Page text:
A personal support worker or PSW is responsible for a number of day to day tasks to assist medical professionals and facility staff with patients. A worker might spend time changing bed linens, washing and ironing patients' laundry, or straightening up the patients' quarters. The personal support worker is often asked to take vital signs by checking the patients' pulse, body temperature, and respiratory status. The worker will help to oversee patients in simple exercises recommended by doctors or in the use of braces, artificial limbs, and other equipment that assists with mobility; one would also assist clients getting in and out of beds, baths, vehicles, and wheelchairs as well as help with getting dressed and ready for the day. An employee in this position will often keep patients company, and converse with or read aloud to them to help promote their mental health and keep them alert. The support worker keeps records of patient care and progress, and reports any observed problems to a supervisor or the patient's case manager. A personal support worker assists patients in hospitals, nursing homes, or even those in private homes when such assistance is required by elderly or otherwise infirm individuals. A medical degree is not required for the position, but most workers hold certification in first aid and other non-doctorate areas in the field of health. Workers should have excellent manual dexterity and a high level of interpersonal communication skills. As the needs of patients vary, the schedule for a personal care worker can vary greatly and include evening or weekend hours.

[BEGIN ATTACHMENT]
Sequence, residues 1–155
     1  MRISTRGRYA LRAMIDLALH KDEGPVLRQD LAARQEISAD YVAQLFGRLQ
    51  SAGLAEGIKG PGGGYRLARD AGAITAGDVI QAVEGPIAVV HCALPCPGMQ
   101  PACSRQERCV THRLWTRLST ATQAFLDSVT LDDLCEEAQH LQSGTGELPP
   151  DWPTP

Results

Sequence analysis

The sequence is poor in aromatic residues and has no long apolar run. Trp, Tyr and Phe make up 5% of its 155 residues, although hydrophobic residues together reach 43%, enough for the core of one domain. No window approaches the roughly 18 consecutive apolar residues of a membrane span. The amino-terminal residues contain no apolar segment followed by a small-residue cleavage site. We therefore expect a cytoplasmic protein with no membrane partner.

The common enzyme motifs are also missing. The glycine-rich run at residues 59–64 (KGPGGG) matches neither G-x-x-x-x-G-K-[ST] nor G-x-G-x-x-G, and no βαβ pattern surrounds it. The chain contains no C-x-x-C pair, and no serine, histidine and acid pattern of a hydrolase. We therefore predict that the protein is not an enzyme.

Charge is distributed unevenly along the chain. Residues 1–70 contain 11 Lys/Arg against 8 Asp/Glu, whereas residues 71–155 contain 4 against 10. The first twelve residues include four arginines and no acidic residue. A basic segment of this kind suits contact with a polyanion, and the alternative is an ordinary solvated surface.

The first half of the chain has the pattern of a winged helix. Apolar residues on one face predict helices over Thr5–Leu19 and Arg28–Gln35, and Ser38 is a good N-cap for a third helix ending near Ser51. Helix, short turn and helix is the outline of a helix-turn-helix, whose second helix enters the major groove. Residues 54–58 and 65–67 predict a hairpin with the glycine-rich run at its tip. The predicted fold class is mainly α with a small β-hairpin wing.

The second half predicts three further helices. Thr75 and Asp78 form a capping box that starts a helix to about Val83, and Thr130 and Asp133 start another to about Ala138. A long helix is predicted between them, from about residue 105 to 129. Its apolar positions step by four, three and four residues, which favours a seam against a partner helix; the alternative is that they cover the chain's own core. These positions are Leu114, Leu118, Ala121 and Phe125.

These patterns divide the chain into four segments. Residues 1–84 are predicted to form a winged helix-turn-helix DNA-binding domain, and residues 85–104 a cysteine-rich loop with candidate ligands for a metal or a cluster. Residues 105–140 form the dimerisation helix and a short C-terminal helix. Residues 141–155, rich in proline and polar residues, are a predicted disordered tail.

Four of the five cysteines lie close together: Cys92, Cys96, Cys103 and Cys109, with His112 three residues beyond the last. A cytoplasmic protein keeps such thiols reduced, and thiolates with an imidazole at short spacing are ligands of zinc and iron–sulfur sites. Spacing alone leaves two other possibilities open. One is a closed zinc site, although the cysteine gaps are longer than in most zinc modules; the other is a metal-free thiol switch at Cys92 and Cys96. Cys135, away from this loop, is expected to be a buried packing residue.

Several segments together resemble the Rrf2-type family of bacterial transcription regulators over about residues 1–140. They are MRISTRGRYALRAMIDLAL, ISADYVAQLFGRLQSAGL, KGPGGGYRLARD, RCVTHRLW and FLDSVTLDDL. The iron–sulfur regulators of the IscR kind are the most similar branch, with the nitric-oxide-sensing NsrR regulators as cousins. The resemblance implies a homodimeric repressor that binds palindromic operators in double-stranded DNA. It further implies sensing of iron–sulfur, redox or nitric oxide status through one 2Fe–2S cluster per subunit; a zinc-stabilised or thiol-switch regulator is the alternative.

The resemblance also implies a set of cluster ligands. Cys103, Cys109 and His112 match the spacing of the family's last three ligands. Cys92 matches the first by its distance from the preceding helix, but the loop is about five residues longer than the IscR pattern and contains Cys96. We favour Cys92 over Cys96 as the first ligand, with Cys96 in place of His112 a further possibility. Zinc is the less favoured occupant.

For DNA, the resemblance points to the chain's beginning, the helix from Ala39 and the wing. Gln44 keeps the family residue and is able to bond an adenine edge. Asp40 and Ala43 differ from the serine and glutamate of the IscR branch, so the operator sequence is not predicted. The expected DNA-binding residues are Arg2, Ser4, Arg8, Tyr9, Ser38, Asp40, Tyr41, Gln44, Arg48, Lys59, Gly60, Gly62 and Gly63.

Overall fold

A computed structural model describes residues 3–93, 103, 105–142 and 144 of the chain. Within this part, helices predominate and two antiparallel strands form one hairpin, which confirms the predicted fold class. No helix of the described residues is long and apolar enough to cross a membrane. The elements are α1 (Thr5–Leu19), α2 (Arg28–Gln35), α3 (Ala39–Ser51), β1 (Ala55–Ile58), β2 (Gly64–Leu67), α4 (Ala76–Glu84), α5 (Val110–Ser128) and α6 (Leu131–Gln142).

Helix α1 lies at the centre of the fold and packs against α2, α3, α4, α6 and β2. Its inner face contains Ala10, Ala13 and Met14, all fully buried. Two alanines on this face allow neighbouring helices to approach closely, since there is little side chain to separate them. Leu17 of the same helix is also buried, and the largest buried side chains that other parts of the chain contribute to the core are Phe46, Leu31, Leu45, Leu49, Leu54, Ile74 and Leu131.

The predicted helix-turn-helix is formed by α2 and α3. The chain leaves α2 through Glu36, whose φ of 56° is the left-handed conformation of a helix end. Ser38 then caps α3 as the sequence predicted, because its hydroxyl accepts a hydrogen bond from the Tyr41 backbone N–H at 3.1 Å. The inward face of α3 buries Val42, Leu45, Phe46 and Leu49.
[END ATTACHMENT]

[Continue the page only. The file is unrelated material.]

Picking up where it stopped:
Personal Support Worker (PSW) Tasks
- Check patients' pulse, temperature and respiration.
- Provide patients with help moving in and out of beds, baths, wheelchairs or automobiles, and with dressing and grooming.
- Maintain records of patient care, progress, or problems to report and discuss observations with supervisor or case manager.
- Change bed linens, wash and iron patients' laundry, and clean patients' quarters.
- Entertain, converse with, or read aloud to patients to keep them mentally healthy and alert.